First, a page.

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A written language is the representation of a language by means of a writing system. Written language is an invention in that it must be taught to children, who will instinctively learn or create spoken or gestural languages.
A written language exists only as a complement to a specific spoken or gestural language, and no natural language is purely written. However, extinct languages may be in effect purely written when only their writings survive.
Written languages evolve slower than corresponding spoken languages. When one or more registers of a language comes to be strongly divergent from spoken language, the resulting situation is called diglossia. However, such diglossia is often considered as one between literary language and other registers, especially if the writing system reflects its pronunciation.
Native readers and writers of English are often unaware that the complexities of English spelling make written English a somewhat artificial construct. The traditional spelling of English, at least for inherited words, preserves a late Middle English phonology that is no one's speech dialect; the artificial preservation of this much earlier form of the language in writing might make much of what we write intelligible to Chaucer, even if we could not understand his speech. Tom McArthur suggests that it is at least arguable that written and spoken English have reached the stage that can be considered diglossia.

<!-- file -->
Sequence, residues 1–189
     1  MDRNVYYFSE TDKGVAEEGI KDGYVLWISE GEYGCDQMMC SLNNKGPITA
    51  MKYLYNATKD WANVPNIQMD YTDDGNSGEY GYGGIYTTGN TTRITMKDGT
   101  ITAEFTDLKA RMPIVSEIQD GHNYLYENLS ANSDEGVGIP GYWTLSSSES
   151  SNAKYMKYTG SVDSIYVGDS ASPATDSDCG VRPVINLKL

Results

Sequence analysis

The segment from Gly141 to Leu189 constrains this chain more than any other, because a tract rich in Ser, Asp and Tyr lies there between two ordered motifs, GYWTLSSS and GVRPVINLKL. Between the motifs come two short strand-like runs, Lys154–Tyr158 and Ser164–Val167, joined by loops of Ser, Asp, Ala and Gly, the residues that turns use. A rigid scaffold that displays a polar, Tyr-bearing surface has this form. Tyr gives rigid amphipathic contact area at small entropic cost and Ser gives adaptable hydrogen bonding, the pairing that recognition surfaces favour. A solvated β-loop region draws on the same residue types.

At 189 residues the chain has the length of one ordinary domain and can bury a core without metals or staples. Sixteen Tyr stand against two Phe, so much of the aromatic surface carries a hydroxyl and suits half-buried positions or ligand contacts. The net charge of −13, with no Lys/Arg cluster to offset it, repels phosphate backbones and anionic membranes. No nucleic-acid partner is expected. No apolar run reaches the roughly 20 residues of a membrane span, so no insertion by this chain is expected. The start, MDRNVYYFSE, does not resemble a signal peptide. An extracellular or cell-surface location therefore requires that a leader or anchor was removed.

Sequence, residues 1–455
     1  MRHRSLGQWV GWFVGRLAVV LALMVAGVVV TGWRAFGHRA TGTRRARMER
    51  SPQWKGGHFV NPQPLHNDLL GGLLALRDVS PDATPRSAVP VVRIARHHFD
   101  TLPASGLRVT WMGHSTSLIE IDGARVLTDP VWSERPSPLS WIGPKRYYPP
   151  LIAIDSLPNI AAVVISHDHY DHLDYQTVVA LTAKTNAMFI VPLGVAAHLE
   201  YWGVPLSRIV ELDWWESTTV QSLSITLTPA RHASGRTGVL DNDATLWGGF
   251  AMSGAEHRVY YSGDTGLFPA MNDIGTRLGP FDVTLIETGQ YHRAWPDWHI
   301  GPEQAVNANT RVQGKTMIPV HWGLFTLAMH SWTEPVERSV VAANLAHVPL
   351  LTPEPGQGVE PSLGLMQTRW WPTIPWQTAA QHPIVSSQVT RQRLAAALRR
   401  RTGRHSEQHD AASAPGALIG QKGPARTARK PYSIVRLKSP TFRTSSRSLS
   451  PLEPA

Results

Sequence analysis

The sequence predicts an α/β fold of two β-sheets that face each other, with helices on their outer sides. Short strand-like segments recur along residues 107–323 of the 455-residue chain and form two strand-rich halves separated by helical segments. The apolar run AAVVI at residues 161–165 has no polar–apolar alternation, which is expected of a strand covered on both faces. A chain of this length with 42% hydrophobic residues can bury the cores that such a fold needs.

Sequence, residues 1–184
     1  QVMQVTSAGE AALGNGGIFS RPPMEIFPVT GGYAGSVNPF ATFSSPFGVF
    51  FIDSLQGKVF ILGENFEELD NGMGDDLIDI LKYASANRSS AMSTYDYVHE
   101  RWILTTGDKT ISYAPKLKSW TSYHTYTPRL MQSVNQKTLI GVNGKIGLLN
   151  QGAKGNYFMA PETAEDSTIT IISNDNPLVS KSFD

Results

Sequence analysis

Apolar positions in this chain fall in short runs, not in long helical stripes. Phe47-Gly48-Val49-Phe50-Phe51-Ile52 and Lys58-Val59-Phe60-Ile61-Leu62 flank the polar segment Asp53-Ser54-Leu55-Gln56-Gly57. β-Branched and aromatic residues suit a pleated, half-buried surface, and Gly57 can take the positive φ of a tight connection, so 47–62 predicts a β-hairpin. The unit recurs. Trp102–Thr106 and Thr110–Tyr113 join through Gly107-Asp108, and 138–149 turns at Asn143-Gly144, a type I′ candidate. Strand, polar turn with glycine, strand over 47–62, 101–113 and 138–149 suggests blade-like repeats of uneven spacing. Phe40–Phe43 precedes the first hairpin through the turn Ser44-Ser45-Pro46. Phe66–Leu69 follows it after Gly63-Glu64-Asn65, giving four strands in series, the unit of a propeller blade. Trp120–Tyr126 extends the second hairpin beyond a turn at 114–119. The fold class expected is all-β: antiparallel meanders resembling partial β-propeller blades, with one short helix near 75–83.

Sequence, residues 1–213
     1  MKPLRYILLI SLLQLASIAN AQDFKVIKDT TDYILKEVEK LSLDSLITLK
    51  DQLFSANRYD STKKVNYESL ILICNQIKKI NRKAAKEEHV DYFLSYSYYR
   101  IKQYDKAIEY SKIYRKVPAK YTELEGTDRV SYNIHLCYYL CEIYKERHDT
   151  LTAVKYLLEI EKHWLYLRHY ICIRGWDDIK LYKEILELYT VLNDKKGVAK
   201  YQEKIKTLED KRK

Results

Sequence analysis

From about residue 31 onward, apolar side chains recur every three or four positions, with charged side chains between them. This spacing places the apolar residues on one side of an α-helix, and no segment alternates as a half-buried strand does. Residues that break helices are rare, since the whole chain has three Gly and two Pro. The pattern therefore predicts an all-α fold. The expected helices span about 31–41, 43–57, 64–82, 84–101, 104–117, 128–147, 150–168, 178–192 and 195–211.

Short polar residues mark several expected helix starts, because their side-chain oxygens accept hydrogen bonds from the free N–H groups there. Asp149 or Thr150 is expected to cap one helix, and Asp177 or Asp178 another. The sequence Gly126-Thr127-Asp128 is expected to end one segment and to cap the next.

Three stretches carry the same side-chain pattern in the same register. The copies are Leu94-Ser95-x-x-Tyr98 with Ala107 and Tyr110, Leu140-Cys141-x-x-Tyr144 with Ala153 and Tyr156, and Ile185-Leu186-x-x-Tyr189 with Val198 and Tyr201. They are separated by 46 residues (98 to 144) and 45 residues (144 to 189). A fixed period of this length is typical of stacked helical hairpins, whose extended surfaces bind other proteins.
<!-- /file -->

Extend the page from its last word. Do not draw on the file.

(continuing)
See also[edit | edit source]
- Cursive writing
- List of writing systems
- Literary language
- Numbers (numerals)
- Printing (handwriting)
- Written communication
Further reading[edit | edit source]
- Ankerl, Guy. 2000. Coexisting Contemporary Civilizations: Arabo-Muslim, Bharati, Chinese, and Western. Geneva: INUPress,ISBN 2-88155-004-5, pp.59-66, 235-236.
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